SUMMARY OF THE INVENTION

This invention is designed to provide improved sensors for detecting faults in tubular specimens.

This object is achieved by a test device for testing of tubular specimens being devised in which there is a host of individual test probes which can move radially relative to the outside of the tubular probes, each test probe, on the one hand, having a test coil with a surface which faces perpendicular to the lengthwise axis of the specimen, and on the other hand furthermore each test probe having a second test coil with a surface normal which is oriented, essentially parallel to the lengthwise axis of the specimen. In one embodiment of the invention, the test probes are attached to finger-shaped, elastic holding devices of hard metal provided with mechanical pretensioning and by means of these devices the test probes are protected against impact and abrasion by the specimen. In another embodiment, the rigid, finger-shaped holding devices of the test probes are pivotally supported or are supported in another way the permits radial movement. Another embodiment calls for controlling the rotary or radial motion so that the test probe in its finger-shaped holding device always adjoins the tubular specimen.

In particular, the invention is advantageously used to test larger steel and iron pipes, for example, those which are used for petroleum transport (pipelines). The invention is suited especially to detection of defects on the indicated pipes which extend rather transversely to the lengthwise axis of the pipe.

The invention is explained in detail below with reference to the accompanying drawings.

BRIEF DESCRIPTION OF THE DRAWINGS

FIG. 1 is a perspective of an example of a tubular specimen with a pipe wall having a transverse defect.

FIG. 2 is a representation of a sensor holding device and an actual sensor.

FIG. 3 shows an especially space-saving arrangement of a sensor holding device.

DETAILED DESCRIPTION OF THE INVENTION

FIG. 1 shows a sensor carrier 20 which is slotted and shaped by bending such that a number (for example, 4 to 8), finger-shaped sensor holding devices 21-25 are provided. The finger-shaped sensor holding devices 21-25 are formed such that the sensor holding devices have elastic pretensioning and allow the attached sensors 53 for detection of magnetic stray flux quantities to rest elastically on the specimens. Furthermore, the forming is such that the sensor holding devices 21-25 are located on an imaginary cylindrical surface around the specimen, as shown in the figure.

In accordance with the invention, a number (normally 2, 3, 4, or 8) of individual sensor carriers 20 is mounted on a holding device so that the sensor carriers surround the entire pipe periphery. According to one embodiment of the invention, the sensor carrier 20 is suited to being shaped by bending around its lengthwise axis such that it can be inserted into holding devices which are made of different sizes. Thus, with only a few sizes of the sensor carriers or sensor holders, test devices for many different pipe diameters (preferably in the range of 60 mm to 370 mm) can be provided. In this way, for each pipe diameter, a respective holding device is necessary, but the individual sensor carriers 20, sensor holding devices 21-25 with the pertinent sensors can be used for several different pipe diameters.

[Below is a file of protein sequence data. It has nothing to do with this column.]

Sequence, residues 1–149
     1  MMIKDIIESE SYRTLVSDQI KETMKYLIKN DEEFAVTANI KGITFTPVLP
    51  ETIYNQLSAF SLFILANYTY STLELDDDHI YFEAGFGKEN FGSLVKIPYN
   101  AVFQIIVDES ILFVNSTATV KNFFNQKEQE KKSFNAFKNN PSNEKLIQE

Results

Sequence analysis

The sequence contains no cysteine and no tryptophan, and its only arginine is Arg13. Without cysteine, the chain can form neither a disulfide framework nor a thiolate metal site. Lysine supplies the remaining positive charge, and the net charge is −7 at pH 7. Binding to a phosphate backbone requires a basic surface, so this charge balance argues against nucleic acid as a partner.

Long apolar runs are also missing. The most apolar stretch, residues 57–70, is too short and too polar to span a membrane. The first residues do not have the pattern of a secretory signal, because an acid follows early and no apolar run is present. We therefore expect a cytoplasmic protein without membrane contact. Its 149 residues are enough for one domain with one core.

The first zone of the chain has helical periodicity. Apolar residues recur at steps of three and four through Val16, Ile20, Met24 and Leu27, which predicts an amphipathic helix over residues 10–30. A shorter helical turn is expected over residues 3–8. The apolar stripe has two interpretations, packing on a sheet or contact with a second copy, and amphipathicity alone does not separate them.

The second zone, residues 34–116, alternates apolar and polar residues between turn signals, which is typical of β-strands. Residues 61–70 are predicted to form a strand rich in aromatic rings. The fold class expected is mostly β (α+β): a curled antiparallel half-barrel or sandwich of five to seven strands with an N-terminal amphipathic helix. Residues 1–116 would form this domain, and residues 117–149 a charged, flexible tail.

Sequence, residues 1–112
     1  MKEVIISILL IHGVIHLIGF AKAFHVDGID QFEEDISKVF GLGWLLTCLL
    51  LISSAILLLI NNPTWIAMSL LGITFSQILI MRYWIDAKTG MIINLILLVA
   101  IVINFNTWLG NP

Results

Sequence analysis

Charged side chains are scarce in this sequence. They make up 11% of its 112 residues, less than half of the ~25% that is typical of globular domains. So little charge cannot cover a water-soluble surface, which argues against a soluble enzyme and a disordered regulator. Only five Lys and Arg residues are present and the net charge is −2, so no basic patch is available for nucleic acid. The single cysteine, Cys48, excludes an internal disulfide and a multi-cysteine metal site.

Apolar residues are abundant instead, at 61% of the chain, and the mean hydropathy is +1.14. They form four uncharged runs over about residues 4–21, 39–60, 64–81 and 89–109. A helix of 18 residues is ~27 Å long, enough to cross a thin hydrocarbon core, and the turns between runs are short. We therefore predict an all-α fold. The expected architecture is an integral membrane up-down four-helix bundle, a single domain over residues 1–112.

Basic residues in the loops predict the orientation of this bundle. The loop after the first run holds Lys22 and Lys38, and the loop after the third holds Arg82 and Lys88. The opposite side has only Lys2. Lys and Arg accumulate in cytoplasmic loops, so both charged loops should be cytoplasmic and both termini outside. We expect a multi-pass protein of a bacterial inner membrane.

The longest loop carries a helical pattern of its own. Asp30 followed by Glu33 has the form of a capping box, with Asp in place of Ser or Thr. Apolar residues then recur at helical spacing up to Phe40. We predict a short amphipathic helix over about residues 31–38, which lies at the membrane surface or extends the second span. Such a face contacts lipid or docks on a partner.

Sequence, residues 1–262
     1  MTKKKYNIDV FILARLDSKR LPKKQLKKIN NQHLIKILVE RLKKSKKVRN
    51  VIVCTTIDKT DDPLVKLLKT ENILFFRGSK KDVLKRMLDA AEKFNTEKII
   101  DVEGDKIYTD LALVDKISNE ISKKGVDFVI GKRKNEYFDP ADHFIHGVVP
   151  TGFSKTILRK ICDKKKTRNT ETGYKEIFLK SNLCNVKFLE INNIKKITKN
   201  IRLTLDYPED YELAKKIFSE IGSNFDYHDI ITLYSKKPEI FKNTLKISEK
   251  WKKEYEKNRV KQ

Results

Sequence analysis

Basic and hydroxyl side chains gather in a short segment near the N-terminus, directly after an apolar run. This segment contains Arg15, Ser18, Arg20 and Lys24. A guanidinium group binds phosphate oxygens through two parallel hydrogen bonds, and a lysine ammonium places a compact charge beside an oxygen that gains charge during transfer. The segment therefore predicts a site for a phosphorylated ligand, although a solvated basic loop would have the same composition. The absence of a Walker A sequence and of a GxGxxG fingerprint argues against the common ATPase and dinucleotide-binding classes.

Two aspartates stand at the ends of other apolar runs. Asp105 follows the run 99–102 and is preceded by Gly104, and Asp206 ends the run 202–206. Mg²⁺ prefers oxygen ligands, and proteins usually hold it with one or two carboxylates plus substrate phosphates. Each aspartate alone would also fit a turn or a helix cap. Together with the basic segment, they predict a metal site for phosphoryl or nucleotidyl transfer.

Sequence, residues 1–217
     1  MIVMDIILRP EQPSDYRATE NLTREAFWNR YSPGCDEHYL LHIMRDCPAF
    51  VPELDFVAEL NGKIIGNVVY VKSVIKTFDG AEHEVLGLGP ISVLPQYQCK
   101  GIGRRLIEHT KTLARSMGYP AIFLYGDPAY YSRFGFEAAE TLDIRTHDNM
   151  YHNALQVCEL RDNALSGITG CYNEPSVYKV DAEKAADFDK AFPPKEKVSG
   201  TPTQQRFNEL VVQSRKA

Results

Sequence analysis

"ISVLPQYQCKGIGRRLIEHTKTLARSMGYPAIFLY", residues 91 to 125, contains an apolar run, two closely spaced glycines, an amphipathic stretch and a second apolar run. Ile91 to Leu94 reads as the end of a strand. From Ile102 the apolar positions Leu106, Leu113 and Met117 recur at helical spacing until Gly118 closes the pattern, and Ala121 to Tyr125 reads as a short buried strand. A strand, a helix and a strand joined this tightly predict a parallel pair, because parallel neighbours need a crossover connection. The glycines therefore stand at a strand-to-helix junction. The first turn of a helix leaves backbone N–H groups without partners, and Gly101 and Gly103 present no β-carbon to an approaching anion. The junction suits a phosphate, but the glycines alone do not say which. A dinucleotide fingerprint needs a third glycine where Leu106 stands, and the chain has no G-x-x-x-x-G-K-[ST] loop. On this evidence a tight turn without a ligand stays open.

In another advantageous configuration of the invention, the sensor carriers 20 and sensor holding devices 21-25 are not made from one part. Thus, it becomes possible to exchange individual sensor holding devices 21 between different sensor carriers 20, the sensor carriers 20 being matched to a certain pipe diameter or a number of different pipe diameters. If the sensor carriers 20 are made deformable, the number of required sensor carriers is reduced in the transition to a corresponding smaller pipe diameter. For rigid sensor carriers 20, for each pipe diameter, its own type of sensor carrier is necessary. There are contact devices 31-35 so that electrical outputs of the sensors used can be connected to connecting cables which, for their part, are connected to contact devices 41-45 which are indicated symbolically.

Thus, the arrangement shown in FIG. 1 is suited to scanning a tubular specimens, especially in its lengthwise direction, as is indicated by the arrow in FIG. 1.

It is advantageous to arrange two of these devices which are shown in FIG. 1 in succession in the transport direction. Then, continuous scanning of the entire pipe periphery is possible by the individual sensors, the sensors on the second device being circumferentially offset relative to the sensors of the first device such that they detect the areas in the gaps between the sensors of the first device.

Furthermore, when using the same size of sensor carriers and sensors for different pipe diameters, it can happen that the distance of two sensors is too large because the maximum possible number of sensors per pipe diameter is determined by the ratio of the width of the sensor carrier to the pipe periphery. Therefore, at the same size of the sensor holding device 21-25 and sensor carrier 20, for different pipe diameters, there are different distances between the individual sensors. In particular distances can also occur which are actually too large for continuous scanning of the surface of the specimens. In these cases, continuous determination of defects becomes possible when two of these devices are arranged in succession. Furthermore, more accurate determination of the size of a defect in the specimens is possible if so desired.